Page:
Most dining rooms are pretty plain and lack storage space. Gone are the days of a gorgeous milled built-in buffet table or cabinetry. Since we're in the era of builder-grade boxes we have to be a little creative. Introducing the farmhouse style dining room shelves!
- Struggling with the Open Design: Inspired by Formal Dining Rooms
- Watch the Video
- Builder-Grade Dining Room Problems to Solve: Before the Dining Room Shelves
- Step to Solve Problem #1: Define the Space by Closing it in
- Step to Solve Problem #2: Dining Room Storage Ideas, Especially Small Dining Rooms
- Step to Solve Problem #3: Dining Room Color Scheme, White Walls Utilize Natural Light Best
- Step to Solve Problem #4: Learning to Style a Wall Shelf for a Cohesive Design and Function
Struggling with the Open Design: Inspired by Formal Dining Rooms
The first thing I used my dining area as was a home office. I lived with this vintage 1960s industrial style desk. Which honestly was a larger piece than I needed on even my best crafty days.
You see, originally the dining room in my house was a completely open concept. It was a wide-open space, painted bright big bird yellow. And believe it or not, I didn't give it a fresh coat of paint for literal years.
But when I finally did paint it, White Dove, by Benjamin Moore those white walls did something for my soul!
Watch the Video
Builder-Grade Dining Room Problems to Solve: Before the Dining Room Shelves
Builder-grade is the most simplistic and plain you can get. The cheapest way to build a house is to do it quickly with little to no custom dining room storage. Many times they're also relatively small spaces, with barely enough room for a dining table.
Much less all of that vintage furniture we are dreaming of!
This space had several problems that needed a lot of time and consideration to solve.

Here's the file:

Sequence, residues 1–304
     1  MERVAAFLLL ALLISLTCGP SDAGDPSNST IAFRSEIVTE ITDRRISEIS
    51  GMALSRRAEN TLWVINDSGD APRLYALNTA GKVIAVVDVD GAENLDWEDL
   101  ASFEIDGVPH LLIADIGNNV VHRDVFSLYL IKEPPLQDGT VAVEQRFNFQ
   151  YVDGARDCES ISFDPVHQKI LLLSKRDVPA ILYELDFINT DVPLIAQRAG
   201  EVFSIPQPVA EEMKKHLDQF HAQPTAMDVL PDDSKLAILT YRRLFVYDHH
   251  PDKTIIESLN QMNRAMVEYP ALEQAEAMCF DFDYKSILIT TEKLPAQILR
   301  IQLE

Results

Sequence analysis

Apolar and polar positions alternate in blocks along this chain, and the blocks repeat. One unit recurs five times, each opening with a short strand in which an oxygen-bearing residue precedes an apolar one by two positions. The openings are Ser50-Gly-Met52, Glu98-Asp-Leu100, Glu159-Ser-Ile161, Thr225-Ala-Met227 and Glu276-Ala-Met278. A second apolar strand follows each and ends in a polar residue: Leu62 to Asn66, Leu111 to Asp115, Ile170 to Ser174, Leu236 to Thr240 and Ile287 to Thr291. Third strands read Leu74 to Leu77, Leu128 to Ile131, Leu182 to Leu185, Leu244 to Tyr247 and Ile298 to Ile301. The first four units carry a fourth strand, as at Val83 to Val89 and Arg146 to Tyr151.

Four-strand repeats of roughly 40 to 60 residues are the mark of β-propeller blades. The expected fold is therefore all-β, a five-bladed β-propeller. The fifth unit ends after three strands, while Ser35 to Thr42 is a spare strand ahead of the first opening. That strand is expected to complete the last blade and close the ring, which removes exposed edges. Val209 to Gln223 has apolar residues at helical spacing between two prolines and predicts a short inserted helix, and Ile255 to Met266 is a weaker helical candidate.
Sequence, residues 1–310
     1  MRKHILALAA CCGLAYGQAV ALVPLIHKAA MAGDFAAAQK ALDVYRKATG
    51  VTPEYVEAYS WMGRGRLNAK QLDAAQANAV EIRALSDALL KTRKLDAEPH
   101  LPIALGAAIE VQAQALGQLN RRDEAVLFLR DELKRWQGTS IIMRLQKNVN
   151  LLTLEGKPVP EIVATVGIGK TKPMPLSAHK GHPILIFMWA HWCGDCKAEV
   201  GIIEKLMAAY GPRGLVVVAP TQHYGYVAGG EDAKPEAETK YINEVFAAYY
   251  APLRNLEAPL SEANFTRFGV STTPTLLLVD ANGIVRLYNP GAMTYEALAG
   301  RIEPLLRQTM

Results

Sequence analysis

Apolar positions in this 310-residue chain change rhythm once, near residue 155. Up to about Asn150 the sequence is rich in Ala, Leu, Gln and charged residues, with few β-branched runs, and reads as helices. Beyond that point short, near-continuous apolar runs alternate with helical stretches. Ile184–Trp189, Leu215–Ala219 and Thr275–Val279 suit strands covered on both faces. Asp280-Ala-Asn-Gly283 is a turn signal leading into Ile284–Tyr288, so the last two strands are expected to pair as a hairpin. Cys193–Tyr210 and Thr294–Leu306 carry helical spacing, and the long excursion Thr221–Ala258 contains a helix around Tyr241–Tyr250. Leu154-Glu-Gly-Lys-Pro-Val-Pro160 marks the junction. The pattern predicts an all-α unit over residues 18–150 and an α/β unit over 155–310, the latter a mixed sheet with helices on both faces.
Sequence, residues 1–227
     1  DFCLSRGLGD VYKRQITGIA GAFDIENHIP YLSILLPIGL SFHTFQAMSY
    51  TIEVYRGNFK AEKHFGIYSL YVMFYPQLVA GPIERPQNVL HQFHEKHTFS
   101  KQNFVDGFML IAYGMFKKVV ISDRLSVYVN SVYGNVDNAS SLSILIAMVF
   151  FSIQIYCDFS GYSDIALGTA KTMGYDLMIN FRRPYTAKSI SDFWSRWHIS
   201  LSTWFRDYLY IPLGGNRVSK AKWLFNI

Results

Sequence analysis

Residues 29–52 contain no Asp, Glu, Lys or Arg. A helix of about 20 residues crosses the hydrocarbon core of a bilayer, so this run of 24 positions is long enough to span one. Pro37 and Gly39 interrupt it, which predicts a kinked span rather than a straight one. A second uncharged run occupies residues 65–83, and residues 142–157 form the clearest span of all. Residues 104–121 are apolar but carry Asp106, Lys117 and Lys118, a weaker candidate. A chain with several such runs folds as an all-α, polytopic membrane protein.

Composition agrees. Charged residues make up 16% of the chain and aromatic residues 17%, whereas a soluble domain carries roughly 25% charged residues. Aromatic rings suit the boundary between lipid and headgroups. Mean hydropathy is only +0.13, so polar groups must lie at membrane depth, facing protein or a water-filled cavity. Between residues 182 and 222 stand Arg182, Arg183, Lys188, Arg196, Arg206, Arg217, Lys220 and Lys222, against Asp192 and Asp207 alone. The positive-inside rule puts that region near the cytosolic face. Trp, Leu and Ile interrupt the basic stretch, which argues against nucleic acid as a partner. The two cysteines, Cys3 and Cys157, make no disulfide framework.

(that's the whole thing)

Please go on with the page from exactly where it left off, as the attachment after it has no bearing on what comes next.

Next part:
- There was no definition of the space. It was just a yellow box next to another room next to my kitchen.
- Zero storage space built-in. Low windows on one of the main walls eliminated the ability for furniture on that wall at all.
- One of the walls was a really tall wall that demanded efficient use of the space.
- Brightening up the room by changing the wall color to a lovely creamy white. Which also allowed the shelves to stand out even more with their beautiful wood tone.
- Styling shelves to reflect my style while being budget conscientious.
Step to Solve Problem #1: Define the Space by Closing it in
I know that open concept homes are all the rage right now, but I prefer the vintage style of having rooms and spaces more defined by purpose. Also, closing this room allowed for lower heating bills since there is no heating or air duct in it.
In my vision for this room, I had this great idea to create a charming vintage-style dining space, closed off from the living room. The first big step to achieving that was to actually close the room off from the rest of the house with glass doors.
I was able to have my dad help me build two small walls to frame in a pair of french doors I bought off FB Marketplace for $150.
Step to Solve Problem #2: Dining Room Storage Ideas, Especially Small Dining Rooms
Move Away from Traditional Storage Solutions, Like Furniture
For a time I had dreams of using a china cabinet on the tallest wall. But when I had one there it still felt dwarfed by the massive wall, which is about 10 feet tall. But that presented several issues on its own.
- It was a terrible use of the space and wasted a ton of the small walking path or chair room.
- Discovering minimalism and trying to eliminate large furniture pieces that we would only have to move when we sell this house.